Skip to content Skip to sidebar Skip to footer

NASA's James Webb Space Telescope: Here's What You'll See in the First Images

NASA’s James Webb Space Telescope: Here’s What You’ll See in the First Images

NASA, along with the European and Canadian area agencies, will be releasing the first science images from the label new James Webb Space Telescope on Tuesday, and now we know what celestial persons we’ll be seeing in those historic pictures.

JWST is the long-awaited successor
to the Hubble Space Telescope that finally launched on Christmas Day when years of delays. 

On Friday, NASA revealed the list of cosmic objects that JWST will targeted for its first batch of full-color images offering unprecedented and detailed views of deep area. If the telescope’s stunning first test image is any indication, it’s going to be as good as any Instagram feed out there. 

The targets complicated the Carina Nebula and Southern Ring Nebula, which are keen areas of gas and other material. The Carina Nebula (pictured above) is a so-called stellar nursery where stars are forming, and it’s filled with massive stars that help make it one of the largest and brightest nebulas in the sky. The Southern Ring Nebula is a planetary nebula — in this case, a wide strong of gas half a light-year in diameter surrounding a dying star — and relatively stop on a cosmic scale, at just 2,000 light-years away.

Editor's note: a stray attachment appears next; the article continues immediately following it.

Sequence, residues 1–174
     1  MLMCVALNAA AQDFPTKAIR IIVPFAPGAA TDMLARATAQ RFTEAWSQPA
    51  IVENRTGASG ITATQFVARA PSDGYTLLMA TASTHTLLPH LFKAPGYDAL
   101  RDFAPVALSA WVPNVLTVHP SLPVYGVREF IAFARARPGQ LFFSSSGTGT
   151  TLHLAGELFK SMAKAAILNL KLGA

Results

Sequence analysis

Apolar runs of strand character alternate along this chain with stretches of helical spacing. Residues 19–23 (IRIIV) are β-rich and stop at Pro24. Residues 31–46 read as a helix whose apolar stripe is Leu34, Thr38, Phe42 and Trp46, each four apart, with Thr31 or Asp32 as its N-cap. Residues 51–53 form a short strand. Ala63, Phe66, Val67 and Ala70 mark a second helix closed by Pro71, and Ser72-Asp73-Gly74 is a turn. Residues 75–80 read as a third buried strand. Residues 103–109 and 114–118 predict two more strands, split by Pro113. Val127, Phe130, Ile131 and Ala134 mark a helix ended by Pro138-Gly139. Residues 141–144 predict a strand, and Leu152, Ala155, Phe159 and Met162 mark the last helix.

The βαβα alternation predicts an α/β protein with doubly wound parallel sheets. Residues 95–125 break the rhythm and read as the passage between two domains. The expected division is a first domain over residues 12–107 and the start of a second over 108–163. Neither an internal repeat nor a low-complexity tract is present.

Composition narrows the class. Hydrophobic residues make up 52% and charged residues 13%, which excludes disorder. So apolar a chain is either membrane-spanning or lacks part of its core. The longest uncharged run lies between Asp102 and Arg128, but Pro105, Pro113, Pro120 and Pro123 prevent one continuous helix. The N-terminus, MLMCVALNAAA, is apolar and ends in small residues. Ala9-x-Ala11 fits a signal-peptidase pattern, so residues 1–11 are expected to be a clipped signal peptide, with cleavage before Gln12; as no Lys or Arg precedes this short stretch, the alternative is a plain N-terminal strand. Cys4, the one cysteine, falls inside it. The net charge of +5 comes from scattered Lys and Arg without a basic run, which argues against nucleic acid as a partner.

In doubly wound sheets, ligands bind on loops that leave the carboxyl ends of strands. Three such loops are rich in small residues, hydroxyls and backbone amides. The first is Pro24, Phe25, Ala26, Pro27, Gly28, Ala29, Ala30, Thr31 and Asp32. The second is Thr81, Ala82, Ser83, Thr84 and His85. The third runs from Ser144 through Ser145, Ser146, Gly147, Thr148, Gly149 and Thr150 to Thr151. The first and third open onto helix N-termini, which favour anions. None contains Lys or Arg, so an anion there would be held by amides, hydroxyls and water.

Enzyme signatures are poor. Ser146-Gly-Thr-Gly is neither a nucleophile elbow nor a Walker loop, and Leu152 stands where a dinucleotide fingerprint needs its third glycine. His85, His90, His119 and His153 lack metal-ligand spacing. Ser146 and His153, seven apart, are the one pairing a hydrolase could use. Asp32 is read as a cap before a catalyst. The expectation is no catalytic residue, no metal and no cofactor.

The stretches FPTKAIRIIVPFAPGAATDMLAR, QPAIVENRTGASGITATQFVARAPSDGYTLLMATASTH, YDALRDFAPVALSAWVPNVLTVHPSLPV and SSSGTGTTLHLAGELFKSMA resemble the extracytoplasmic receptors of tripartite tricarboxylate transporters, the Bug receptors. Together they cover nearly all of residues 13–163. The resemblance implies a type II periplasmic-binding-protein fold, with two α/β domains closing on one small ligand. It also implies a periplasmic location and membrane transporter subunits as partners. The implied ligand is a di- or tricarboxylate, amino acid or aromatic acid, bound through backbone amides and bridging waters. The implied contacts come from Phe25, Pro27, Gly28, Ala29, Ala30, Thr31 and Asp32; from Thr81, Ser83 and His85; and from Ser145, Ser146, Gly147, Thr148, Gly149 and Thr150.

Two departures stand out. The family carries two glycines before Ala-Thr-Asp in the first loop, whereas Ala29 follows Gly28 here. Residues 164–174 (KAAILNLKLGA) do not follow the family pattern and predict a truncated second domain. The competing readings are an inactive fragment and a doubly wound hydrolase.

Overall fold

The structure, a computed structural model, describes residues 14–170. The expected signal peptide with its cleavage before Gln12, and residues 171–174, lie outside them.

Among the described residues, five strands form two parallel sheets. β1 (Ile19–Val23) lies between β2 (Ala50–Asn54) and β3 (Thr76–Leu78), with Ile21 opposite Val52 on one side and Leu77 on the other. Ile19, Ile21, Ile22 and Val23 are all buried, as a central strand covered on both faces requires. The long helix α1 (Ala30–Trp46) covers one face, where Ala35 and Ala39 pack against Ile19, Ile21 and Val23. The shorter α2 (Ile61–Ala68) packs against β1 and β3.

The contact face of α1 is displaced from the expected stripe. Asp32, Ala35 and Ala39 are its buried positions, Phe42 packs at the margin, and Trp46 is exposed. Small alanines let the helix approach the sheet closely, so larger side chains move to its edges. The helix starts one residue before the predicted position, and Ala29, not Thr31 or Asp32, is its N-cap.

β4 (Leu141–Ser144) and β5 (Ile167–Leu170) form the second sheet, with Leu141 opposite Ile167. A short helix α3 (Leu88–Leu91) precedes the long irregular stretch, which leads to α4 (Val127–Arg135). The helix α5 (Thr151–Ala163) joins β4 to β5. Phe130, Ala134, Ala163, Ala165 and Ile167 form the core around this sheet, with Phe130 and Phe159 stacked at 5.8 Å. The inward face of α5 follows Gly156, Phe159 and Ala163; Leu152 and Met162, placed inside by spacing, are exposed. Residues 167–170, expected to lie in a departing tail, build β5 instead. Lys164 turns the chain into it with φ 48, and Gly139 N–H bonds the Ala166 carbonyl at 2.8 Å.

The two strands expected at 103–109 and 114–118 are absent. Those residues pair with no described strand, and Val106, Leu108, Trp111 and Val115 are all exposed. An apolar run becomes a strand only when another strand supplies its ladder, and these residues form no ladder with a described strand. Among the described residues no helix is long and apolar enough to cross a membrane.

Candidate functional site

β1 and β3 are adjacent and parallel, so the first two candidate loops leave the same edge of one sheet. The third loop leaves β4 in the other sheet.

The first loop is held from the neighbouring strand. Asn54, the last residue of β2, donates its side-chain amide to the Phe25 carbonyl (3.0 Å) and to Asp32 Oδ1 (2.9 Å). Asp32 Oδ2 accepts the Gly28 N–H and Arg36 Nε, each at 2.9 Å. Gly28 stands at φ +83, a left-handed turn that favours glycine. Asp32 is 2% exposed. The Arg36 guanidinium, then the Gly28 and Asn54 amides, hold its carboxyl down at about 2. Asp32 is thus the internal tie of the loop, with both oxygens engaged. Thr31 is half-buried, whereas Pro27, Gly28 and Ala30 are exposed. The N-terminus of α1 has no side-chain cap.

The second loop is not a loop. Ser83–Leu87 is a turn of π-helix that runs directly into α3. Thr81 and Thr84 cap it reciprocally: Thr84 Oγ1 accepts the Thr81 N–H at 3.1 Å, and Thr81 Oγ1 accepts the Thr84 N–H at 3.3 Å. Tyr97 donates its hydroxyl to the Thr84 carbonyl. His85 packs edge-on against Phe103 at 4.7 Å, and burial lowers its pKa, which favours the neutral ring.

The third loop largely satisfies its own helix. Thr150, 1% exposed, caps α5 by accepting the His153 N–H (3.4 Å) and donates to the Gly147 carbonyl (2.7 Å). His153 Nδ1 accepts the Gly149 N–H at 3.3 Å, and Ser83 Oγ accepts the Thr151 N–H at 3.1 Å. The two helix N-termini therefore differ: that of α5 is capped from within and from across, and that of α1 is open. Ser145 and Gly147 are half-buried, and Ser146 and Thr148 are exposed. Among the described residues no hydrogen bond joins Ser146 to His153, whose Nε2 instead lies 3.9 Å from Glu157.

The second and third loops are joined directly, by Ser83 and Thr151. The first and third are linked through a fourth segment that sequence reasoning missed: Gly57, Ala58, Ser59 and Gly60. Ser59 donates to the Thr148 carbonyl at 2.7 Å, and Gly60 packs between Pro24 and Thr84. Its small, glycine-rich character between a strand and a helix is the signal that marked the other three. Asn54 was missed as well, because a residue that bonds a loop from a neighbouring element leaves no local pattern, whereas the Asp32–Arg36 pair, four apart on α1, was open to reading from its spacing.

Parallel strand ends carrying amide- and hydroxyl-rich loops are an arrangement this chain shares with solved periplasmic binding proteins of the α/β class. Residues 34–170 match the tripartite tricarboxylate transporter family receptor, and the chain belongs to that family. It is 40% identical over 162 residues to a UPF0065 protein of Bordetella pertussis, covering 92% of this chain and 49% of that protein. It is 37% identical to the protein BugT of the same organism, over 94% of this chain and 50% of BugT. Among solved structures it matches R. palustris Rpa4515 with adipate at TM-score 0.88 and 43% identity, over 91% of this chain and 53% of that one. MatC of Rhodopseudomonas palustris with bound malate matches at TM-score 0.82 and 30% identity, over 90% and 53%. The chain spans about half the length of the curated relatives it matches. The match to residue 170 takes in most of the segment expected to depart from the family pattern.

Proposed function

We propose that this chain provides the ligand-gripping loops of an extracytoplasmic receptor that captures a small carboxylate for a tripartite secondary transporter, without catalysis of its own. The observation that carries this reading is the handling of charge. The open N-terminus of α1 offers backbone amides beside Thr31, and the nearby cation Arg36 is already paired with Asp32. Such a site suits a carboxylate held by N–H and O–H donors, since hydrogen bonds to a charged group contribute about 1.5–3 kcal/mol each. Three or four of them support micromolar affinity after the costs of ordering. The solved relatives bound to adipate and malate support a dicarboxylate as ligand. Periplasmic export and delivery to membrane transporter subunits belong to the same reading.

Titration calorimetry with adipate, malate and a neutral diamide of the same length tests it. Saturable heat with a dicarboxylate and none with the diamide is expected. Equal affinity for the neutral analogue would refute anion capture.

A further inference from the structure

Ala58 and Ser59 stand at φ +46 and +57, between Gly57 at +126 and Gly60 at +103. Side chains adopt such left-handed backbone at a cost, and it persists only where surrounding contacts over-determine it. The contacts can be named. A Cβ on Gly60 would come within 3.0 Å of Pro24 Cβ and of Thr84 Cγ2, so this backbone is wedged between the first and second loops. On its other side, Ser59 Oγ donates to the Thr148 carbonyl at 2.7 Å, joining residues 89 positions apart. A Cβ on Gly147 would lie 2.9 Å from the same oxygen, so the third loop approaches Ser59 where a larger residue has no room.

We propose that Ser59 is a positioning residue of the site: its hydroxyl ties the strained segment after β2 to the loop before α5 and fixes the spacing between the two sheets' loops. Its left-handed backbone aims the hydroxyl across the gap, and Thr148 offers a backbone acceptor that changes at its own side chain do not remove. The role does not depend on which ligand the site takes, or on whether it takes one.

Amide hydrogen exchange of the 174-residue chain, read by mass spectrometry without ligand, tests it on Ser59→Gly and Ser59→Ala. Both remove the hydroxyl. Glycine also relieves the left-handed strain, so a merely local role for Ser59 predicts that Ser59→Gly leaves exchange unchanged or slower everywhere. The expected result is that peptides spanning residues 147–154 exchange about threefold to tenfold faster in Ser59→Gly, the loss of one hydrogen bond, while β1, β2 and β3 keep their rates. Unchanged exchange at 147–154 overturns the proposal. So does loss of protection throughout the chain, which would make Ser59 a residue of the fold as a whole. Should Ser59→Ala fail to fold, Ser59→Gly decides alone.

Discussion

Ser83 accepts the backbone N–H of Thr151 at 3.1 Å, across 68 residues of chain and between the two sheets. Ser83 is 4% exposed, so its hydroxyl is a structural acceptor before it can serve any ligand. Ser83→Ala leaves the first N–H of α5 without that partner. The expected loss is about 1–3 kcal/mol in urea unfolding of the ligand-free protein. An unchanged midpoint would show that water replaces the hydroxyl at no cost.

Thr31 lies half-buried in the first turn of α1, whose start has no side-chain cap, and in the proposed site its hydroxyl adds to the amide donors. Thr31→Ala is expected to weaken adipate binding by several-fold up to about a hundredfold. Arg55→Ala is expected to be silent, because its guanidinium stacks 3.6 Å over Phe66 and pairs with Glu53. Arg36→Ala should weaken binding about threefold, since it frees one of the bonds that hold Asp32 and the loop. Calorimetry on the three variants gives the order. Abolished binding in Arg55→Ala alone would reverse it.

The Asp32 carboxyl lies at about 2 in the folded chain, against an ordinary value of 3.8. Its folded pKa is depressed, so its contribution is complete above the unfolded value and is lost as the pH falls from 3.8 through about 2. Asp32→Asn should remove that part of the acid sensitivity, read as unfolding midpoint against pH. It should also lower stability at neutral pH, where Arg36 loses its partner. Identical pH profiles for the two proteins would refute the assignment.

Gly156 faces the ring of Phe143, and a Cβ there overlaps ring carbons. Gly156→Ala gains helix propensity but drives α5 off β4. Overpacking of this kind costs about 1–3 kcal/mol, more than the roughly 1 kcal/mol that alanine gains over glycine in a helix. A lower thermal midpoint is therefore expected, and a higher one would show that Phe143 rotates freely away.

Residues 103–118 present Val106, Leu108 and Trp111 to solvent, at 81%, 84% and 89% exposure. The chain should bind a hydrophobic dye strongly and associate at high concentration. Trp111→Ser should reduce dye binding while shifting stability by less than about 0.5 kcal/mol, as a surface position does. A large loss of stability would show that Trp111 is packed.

The southern ring nebula in shades of turquoise and yellow

The southern ring nebula is also well-renowned as the “Eight-Burst” Nebula because of it appears to be a figure-8 when seen over some telescopes.

NASA/The Hubble Heritage Team (STScI/AURA/NASA)

Two new targets we’ll see in fantastic high resolution next week are the galaxy company Stephan’s Quintet, a particularly photogenic grouping of galaxies that seem to be dancing nearby each other for eternity, and SMACS 0723, which is a huge galaxy cluster that can act as a so-called gravitational lens to help scientists see deeper into state and observe fainter galaxies.

A cluster of galaxies

This quintet of galaxies is made up of four galaxies that are actually near each spanking and a fifth that appears nearby but is really in the foreground and much closer to Earth.

NASA, ESA, and the Hubble SM4 ERO Team

JWST also is taking a look at the planet WASP-96b, a gas giant world about half the mass of Jupiter and located 1,150 light-years from Earth. The powerful new instruments on the space telescope should be able to failed new insights into the composition of the planet’s atmosphere and a fun teaser of what we’ll soon peruse about other exoplanets, including those that are more Earth-like. 

The images that the state agencies will unveil on July 12 are just the jump. Scientists have applied to use the telescope through a competitive treat, and the first year of observations have already been scheduled. It’s quite likely that JWST will change our perspective on some aspects of the universe in the months and days to come.